Above photo: Signatures on the contract between Jordan Goudreau and Juan Guaido.
A Story of Betrayal and Financial Corruption.
Now that we have had a few days to study the failed, illegal paramilitary incursion by a group of American and Venezuelan mercenaries into Venezuela, some key details have emerged in this incredible story. They reveal the internal dynamics of some of the country’s fractured, demoralized, and financially corrupt opposition. Much of the information was provided by the former U.S. soldier Jordan Goudreau, hired for “Operation Gideon” by Juan Guidó himself along with advisors Sergio Vergara, Juan José Rendón, and with the advice of attorney Manuel Retureta, all of them who signed the service plan to launch the paramilitary operation (called “General Services Agreement”).
A dozen paramilitaries were captured from Sunday May 3 to Monday May 4 in the coastal area of La Guaira and Chuao with the help of fishermen. They include deserters from Venezuela’s armed forces and police, along with former U.S. soldiers. Eight of the mercenaries were killed by the country’s security forces.
The trove of evidence makes it impossible for Guaidó and his advisors to deny their involvement in the contract for services. Not only are copies of the 8-pages General Services Agreement circulating on the internet, there is also a recording of their phone conversation while they were signing it.
A multi-million dollar contract
U.S. mercenary Jordan Goudreau, owner of Florida Silvercorp USA Inc, which has been around for two years, is revealing all the inside information for the simple reason that Guaidó never paid the agreed upon fee, including a retainer of $US1.5 million. He claims that he only received US$50,000 through Rendón.
A native Canadian, Goudreau is a U.S. Army combat veteran of Iraq and Afghanistan. According to his simple website that centers around his personal image, Jordan Goudreau “has also planned and led international security teams for the President of the United States as well as the Secretary of Defense.” According to a profile AP wrote about him, that claim seems to be an exaggeration of his friendly relationship with Keith Schiller, who served as chief of security and bodyguard to Trump. Several interviews conducted by AP of people close to the mercenary suggest that Goudreau is politically naive, impulsive, and harbors delusions of grandeur.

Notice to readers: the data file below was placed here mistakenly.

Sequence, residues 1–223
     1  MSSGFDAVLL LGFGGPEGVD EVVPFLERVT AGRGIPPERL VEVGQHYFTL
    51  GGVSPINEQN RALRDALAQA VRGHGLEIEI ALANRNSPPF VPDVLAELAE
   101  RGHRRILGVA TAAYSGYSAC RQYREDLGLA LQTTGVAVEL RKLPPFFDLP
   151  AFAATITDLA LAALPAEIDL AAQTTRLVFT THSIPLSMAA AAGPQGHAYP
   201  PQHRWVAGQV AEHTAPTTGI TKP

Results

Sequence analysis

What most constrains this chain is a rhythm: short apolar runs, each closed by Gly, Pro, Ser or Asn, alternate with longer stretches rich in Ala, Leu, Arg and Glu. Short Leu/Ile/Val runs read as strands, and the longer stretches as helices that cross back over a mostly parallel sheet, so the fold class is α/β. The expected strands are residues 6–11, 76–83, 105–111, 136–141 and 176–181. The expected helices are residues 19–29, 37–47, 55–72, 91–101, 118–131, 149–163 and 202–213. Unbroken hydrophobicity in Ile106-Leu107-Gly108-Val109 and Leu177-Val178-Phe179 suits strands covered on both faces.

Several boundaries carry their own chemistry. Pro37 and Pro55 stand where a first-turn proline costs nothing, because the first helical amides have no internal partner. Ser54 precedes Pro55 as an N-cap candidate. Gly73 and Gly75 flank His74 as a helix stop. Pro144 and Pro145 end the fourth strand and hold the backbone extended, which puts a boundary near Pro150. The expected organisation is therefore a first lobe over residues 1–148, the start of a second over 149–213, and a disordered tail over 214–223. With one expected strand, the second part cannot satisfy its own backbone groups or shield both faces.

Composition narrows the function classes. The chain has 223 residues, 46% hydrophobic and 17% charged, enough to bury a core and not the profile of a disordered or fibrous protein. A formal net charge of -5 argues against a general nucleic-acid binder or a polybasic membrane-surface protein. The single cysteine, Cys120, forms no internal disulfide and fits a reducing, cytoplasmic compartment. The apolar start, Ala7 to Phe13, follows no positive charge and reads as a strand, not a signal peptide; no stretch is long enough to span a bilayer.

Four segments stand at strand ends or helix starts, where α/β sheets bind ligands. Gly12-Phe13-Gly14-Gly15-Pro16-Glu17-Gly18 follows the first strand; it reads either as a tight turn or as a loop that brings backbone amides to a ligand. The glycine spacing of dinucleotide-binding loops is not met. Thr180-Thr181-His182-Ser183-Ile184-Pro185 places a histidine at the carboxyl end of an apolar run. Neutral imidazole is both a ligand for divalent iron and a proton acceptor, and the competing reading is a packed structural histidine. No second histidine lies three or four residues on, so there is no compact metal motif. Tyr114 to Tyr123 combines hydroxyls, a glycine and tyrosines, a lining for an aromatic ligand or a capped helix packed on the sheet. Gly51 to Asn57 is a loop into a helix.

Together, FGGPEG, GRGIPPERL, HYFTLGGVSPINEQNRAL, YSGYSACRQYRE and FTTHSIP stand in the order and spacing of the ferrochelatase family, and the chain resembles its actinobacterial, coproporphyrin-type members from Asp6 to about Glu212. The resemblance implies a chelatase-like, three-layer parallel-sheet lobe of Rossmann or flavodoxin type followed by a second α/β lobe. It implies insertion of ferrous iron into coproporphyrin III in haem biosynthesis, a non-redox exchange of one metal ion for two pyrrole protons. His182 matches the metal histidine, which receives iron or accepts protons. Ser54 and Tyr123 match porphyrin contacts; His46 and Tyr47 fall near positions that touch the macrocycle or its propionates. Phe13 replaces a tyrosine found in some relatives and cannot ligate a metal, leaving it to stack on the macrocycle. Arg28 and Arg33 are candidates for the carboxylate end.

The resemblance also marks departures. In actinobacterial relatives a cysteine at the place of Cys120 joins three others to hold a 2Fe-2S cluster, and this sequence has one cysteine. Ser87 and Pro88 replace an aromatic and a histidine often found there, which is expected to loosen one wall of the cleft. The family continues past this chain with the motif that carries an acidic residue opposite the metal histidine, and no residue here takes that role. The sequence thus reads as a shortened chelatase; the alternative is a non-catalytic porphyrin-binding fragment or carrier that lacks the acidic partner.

Airing it all out in public
From all the extensive videotaped interviews of Goudreau, it is apparent that on the heels of a failed operation fraught with incompetence and which resulted in the deaths of several mercenaries, the soldier of fortune is rushing to reveal all to the world press in order to redirect blame towards Juan Guaidó. It is also clear that his public statements are motivated by the fact that his fees were not paid and he has no obligation to maintain confidentiality, because “At this point the contract has been completely fractured and nothing has been upheld on the side of the opposition (…) I have done everything that the contract outlines.”
The actual contract has over 70 pages according to Goudreau. The shorter General Services Agreement promises Silvercorp payment of over US$200 million for overthrowing the government of Nicolás Maduro. According to the contractor, the money comes from the ample funds the U.S. has illegally confiscated from the Citgo oil company, owned by the Venezuelan State, and which has been transferred to Guaidó’s account. Goudreau also cited the Rio Treaty (The Inter-American Treaty of Reciprocal Assistance, TIAR) as justification for the operation, which is the agreement the Venezuelan opposition has fruitlessly been trying to invoke in the Organization of American States (OAS) to spur military action against Venezuela.
Goudreau criticizes Guaidó on moral grounds
The mercenary also questioned Guaidó’s character:
“They hurt us more than they helped us. At the beginning, they said they were going to help us. You have these guys with access to millions of dollars. They were given 90 million dollars, 9 million of which were allocated towards defense. Look, they are going to deny all this. They knew there were guys in the frontier. You have 60 Venezuelans who were hungry, training, thinking about liberation, and they went and did it. Meanwhile, your opposition government is making tons of money. I think there is a problem.” When asked why he thinks Guaidó withdrew support for the attack, Goudreau added, “I think there is a lot of money involved right now. When people are making money, they are comfortable. I don’t think there is a real incentive to free” the country.